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Stop Payments


A stop payment is a request made to a financial institution to cancel a check or payment that has not yet been processed. This can be applied to checks, recurring payments such as direct debits, or card transactions before they are completed. The goal is to prevent the funds from being withdrawn from a checking account.


The phonetics of the keyword “Stop Payments” is /stɒp peɪmənts/.

Key Takeaways

  1. Usage: A stop payment is a request made to a financial institution to cancel a check or payment that has not been processed yet. It is commonly used when a check is lost or stolen, or when there is a dispute over a payment.
  2. Cost: Most banks charge a fee for stop payments. The fee can vary depending on the bank, but it is typically between $15 and $35. However, this could be lesser or even waived off entirely for premium account holders.
  3. Validity: Stop payment orders generally last for six months from the date you requested, after which they can be renewed for an additional six months. However, it should be noted that the bank is not legally obligated to honor a stop payment request if it has already been processed.


Stop payments is a crucial business/finance term and an essential tool for managing financial transactions, primarily related to checks and electronic payments. It is important because it allows account holders to halt the payment process on a particular check or transaction, providing them control over their funds and preventing unauthorized or incorrect transactions. This can be particularly useful in case the check is lost, stolen, or in situations of potential fraud. A stop payment order, though sometimes may involve a fee, gives individuals and businesses the necessary control in managing their funds effectively and securely, ensuring they avoid financial loss and potential legal disputes. Thus, stop payments play a significant role in mitigating risks in the conduct of financial activities.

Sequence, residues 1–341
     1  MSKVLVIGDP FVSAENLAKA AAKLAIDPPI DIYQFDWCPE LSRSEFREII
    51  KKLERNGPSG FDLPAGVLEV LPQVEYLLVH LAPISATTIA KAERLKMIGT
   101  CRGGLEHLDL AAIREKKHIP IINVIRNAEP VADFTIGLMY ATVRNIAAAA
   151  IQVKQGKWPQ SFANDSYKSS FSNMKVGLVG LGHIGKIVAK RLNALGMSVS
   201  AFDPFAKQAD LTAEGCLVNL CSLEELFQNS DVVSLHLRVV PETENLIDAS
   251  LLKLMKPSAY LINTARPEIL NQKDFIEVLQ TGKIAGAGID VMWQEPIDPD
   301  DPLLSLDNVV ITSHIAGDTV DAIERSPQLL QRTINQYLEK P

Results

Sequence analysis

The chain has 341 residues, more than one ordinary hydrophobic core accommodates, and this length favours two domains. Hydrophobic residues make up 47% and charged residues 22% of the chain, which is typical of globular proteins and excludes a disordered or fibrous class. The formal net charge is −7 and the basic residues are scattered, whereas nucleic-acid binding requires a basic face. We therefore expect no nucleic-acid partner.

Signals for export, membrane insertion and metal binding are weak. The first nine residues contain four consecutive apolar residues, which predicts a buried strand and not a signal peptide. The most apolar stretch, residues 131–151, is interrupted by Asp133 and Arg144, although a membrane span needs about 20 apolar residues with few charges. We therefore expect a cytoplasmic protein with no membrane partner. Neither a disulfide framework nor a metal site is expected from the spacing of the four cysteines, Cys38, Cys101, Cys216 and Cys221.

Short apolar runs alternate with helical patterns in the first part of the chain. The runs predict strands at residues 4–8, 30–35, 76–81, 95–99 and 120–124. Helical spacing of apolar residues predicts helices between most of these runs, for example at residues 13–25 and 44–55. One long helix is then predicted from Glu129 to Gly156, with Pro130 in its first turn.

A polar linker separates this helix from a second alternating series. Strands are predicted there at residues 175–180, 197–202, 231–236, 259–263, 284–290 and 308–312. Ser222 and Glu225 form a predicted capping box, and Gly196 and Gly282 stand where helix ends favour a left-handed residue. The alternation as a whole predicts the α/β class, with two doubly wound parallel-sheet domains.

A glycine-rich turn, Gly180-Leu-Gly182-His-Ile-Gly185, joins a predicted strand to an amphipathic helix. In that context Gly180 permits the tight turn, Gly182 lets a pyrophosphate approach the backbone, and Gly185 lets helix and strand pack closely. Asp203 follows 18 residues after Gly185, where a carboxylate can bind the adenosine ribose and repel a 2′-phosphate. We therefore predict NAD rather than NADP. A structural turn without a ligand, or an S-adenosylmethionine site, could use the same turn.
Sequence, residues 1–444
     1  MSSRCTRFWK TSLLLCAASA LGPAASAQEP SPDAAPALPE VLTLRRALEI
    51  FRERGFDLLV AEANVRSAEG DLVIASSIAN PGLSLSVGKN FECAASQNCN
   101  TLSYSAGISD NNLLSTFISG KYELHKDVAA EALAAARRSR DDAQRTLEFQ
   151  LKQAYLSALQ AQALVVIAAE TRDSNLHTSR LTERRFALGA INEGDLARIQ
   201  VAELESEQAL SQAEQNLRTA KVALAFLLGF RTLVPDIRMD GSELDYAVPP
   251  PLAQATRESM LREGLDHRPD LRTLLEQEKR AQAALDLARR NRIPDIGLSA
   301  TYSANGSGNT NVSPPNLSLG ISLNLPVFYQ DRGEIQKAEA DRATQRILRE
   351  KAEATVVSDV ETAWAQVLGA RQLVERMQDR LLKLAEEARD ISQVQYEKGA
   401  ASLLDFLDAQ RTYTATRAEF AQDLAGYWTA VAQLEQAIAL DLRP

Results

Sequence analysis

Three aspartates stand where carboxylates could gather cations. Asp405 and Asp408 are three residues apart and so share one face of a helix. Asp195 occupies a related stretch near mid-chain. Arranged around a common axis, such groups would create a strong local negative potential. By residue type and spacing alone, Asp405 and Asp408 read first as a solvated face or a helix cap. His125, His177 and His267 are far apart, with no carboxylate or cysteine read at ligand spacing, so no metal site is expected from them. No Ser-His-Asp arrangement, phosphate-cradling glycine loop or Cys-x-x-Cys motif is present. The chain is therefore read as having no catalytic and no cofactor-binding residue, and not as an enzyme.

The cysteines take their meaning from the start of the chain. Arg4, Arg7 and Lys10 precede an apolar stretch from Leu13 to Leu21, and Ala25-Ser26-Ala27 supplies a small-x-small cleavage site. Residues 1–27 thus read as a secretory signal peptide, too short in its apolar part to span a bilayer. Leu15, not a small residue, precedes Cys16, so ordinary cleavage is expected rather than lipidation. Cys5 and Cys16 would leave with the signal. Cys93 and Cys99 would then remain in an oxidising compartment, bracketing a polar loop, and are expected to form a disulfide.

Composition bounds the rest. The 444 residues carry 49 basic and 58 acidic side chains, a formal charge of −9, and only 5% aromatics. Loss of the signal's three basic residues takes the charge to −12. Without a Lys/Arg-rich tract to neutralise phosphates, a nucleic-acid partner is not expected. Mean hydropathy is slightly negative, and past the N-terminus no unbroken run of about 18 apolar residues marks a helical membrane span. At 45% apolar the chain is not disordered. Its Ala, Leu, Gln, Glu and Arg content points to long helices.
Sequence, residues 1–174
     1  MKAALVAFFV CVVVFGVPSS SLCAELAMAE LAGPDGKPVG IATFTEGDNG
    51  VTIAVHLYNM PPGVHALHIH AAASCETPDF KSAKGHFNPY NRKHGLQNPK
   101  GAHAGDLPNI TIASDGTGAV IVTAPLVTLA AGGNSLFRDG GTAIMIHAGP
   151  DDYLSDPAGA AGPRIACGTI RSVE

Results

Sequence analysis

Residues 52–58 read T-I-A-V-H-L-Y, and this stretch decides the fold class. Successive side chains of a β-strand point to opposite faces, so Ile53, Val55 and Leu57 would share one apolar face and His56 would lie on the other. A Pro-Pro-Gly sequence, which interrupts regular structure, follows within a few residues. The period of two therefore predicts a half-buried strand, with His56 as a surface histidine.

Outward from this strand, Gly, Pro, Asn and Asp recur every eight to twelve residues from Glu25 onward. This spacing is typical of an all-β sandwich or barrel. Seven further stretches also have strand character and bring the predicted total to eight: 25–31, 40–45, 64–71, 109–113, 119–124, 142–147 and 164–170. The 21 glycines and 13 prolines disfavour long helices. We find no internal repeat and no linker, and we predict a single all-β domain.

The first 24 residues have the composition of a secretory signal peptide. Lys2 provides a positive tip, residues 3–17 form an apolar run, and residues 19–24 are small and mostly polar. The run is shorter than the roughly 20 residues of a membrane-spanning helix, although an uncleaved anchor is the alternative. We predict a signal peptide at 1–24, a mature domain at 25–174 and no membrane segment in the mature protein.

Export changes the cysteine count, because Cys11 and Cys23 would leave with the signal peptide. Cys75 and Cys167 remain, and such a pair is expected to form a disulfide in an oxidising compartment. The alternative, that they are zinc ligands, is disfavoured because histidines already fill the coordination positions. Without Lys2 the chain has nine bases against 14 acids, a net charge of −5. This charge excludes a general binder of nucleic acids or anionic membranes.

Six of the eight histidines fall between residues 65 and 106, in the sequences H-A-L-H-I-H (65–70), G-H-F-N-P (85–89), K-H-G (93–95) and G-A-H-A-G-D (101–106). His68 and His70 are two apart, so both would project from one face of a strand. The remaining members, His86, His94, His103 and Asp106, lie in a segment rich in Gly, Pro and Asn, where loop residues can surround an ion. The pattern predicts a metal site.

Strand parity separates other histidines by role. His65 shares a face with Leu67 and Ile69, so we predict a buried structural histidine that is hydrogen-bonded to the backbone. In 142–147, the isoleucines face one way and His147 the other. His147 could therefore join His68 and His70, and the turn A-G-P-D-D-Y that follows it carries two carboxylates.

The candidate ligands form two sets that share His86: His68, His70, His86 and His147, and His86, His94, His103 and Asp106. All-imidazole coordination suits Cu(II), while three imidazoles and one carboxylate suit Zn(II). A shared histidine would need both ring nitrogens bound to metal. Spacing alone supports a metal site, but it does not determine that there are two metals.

Stop Payments is a significant feature offered by banks and other financial institutions to protect their customers in several scenarios. Its main purpose is to prevent a check or pre-authorized payment from being processed, essentially “stopping” the transaction. This could be necessary for a variety of reasons such as if the customer loses a check, if it is stolen, or if there is any suspicion of fraudulent activities. It can also be used when a customer decides to withdraw consent from a pre-arranged payment or when a dispute arises over the goods or services that a check is written for. This service allows customers to maintain control over their accounts and adds an extra layer of security.The functionality of Stop Payments offers moments of financial reprieve for the bank’s customers, helping them avoid potential overdraft fees or to prevent transactions that they do not wish to complete. Specifically, in cases where a check is lost or stolen, a stop payment order aids in averting unauthorized access to funds. In businesses, stop payment order can be particularly useful when there is a change in contractual agreements with vendors, thus avoiding any unnecessary payment. Besides, if there are always options to dispute a charge, a stop payment can save time and complexity in rectifying a mistaken transaction. On the whole, stop payments play a crucial role in managing one’s personal and business finances responsibly.